A colleague shared this one with me and it cracked me up, so I couldn’t resist posting it. I have a foot in both worlds. My day job involves systems with millions of clients and zero tolerance for downtime. Our venture does Web 2.0ish stuff using Rails. You hear a lot about MVC (minimum viable product) these days, and for kiwiluv products, which are as yet unproven, we adhere to that philosophy. Yes, I know full well that we’ll have to pump some more work into it to get it to scale, but the point is to see if you get traction in order to figure out if that next wave of investment is worth it.
On the other hand, if you have a system where you know full well it’s got to handle gazillions of users with no downtime, it’s irresponsible not to sharpen your pencils and use a little piece of your brain to make sure the wheels aren’t going to come flying off.
Either that or find a nice landing page with a cute “Fail Whale”esque picture for people to joke about when your servers fly apart at the seams.
By the way, if you’re concerned about this kind of thing you should be reading the High Scalability blog. There’s good stuff there so check it out.
I recently attended Web 2.0 Expo in San Francisco. It was filled with interesting topics and speakers. The focus of this year’s Expo seems to be Social Marketing and the importance of UX. This was my first Web 2.0 Expo and I wasn’t quite sure what to expect. In the end, I would say I’m glad I attended.
I just landed in SF on the day the expo began from my trip to Beijing for another venture we are pursuing, so Monday sessions were brutal.
I was specifically interested in social marketing so I attended sessions such as Effective Facebook Ads and Applications (Dennis Yu, Justin Kistner), Superchanging Your brand on Facebook (Dennis Yu), New Innovations in Social Media & Digital Marketing (Lauren Cooney), Social Media & Integrated Marketing Programs (Sandra Fathi), and Setting Your Social Media Strategy (Erica Kuhl), and The Hidden Secrets of Social Media & Viral Advertising (Jonah Peretti).
During “Setting Your Social Media Strategy” by Erica Kuhl from Salesforce.com, she talked about the importance of recognizing broad change in Internet usage as virtually every prospect and customer is engaged in social media these days. Customers learn about new products through social channels, trust their network and other customers to provide honest feedback, expect brands to listen and engage them on social channels, and expect you to have a complete picture of your interacts across channels. Her Top Ten Tips for Social Media Strategy were:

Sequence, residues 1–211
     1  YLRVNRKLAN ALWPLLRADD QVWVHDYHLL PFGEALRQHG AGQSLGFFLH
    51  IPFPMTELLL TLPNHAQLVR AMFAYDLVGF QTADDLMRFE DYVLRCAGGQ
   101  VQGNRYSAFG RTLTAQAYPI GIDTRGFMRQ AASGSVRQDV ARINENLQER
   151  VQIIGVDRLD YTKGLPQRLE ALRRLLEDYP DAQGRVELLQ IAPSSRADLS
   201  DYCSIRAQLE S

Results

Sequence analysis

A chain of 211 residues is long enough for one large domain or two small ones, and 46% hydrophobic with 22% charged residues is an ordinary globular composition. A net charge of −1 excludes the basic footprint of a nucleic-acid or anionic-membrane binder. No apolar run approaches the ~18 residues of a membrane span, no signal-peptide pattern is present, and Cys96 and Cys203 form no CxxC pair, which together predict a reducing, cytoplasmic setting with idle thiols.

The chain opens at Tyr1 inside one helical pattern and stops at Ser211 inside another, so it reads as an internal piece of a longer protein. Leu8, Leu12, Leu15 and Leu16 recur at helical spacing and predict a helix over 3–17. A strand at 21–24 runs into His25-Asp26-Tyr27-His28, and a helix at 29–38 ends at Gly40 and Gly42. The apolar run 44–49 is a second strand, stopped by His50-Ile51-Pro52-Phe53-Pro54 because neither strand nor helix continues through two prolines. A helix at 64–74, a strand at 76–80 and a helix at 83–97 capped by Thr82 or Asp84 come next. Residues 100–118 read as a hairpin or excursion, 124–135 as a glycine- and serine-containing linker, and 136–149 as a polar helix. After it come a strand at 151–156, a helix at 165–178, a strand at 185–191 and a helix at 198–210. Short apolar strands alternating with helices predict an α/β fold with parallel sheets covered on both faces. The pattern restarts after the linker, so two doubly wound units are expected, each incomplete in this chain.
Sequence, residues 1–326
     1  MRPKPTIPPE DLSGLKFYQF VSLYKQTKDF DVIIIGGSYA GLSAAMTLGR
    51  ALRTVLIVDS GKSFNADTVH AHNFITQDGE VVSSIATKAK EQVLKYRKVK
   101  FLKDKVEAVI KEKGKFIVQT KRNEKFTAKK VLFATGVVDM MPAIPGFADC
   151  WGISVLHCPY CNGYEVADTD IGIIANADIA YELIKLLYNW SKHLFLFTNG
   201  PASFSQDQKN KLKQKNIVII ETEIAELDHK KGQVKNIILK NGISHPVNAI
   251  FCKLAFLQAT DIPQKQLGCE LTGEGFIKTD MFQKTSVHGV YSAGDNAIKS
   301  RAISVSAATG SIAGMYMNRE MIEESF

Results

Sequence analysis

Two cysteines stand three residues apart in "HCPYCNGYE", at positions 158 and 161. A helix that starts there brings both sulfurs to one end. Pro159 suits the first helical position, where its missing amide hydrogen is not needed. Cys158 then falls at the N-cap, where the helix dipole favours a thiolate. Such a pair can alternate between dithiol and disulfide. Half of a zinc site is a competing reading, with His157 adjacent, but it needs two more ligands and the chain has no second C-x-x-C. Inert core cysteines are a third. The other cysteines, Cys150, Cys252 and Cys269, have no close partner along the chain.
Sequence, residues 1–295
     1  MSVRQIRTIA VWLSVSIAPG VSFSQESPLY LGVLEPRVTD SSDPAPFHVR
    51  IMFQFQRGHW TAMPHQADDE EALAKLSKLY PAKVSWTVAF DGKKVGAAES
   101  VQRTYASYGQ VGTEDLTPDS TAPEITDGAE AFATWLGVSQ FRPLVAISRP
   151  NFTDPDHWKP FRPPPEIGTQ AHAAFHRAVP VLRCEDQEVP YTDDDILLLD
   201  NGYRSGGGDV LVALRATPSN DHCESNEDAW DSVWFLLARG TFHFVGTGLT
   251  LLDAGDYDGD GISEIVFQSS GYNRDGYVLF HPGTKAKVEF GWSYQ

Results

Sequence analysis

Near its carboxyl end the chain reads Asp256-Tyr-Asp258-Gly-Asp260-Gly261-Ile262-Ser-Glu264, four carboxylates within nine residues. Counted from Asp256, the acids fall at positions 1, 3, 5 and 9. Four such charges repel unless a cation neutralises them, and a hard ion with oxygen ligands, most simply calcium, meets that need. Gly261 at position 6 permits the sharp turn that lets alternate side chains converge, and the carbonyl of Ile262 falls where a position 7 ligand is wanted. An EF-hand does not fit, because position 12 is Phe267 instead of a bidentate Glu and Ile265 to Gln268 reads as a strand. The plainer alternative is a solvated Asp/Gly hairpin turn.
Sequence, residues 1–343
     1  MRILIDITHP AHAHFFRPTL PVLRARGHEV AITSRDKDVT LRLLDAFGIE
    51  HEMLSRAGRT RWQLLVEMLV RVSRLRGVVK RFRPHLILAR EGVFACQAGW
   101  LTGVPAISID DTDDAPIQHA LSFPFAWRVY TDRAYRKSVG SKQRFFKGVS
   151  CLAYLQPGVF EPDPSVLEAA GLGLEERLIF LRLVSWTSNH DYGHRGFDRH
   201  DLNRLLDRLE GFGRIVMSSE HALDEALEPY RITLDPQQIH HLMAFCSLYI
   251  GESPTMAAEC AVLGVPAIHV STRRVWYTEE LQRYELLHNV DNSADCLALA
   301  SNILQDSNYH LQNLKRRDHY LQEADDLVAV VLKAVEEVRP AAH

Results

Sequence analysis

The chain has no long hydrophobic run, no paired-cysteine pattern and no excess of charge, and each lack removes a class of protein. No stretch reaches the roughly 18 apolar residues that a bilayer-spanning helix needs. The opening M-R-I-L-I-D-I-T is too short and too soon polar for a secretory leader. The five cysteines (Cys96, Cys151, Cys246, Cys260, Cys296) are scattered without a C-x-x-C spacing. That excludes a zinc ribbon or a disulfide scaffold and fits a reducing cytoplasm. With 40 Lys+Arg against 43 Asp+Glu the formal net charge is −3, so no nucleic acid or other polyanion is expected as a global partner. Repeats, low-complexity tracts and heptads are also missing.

- Start by Listening: Twitter Audit
- Understand Your Audience
- Decide Where You Want to Focus
- Define Your goals
- Start Small, But Start Strong
- Define Roles & Responsibilities
- Join the Conversation
- Define Your Organizational Model
- Recognize Your top Contributors
- Map Social Media to Your Business
Other social marketing sessions were more targeted for more mainstream media, such as Facebook and Twitter, offering detail tools and tips to increase your presence through these sites.
When most of the speakers were focused on talking about Facebook and Twitter during social media sessions, Lauren Cooney from Juniper Networks talked about New Innovations in Social Media, indicating that Digital Marketing is “more than just Facebook & Twitter”. She talked about Content Curation as a new buzzword (even though it’s not new). She talked about paper.li and flipboard an example of aggregator with nice user interface. For Social Media Management, she talked about Social Flow, which has offerings such as best time & content for a tweet or Facebook Post, metrics & reporting, real-time intelligence, great dashboard analytics. Hootsuite also provides inexpensive measurement and analytics, easy to use & scalable, multifaceted (pluggable). As one launches a social marketing campaign, these provide some additional options to explore.
The highlights were of course keynote speeches. There were many interesting speeches and some okay ones. I especially enjoyed Adam Goldstein (Hipmunk), Susan Gregg Koger (ModCloth.com), Jessica Mah (inDinero.com), and Jonah Peretti (Buzzfeed)’s presentation.
Here the video to one of the key note speakers Jonah Peretti that I enjoyed.
Suspiciously close to April 1, I heard that CommodoreUSA was bringing back the Commodore 64. I dismissed it as poor April Fool’s timing. Then I found this little gem in my Tron Legacy box. Hmmm…that’s pretty elaborate for an April Fools joke.
Sure enough, a little more digging turned up this on huffpo. It looks like those maniacs are really bringing back this fine machine. Sadly, as a child I couldn’t afford a Commodore 64. I had to settle for its mentally challenged cousin, the VIC-20. Now’s my chance to erase that emotional scar.
This floated by one of my mailing lists today and it was too funny not to post. Careful…contains NSFT language so keep the volume down!
Shpigler the Shark is my new hero.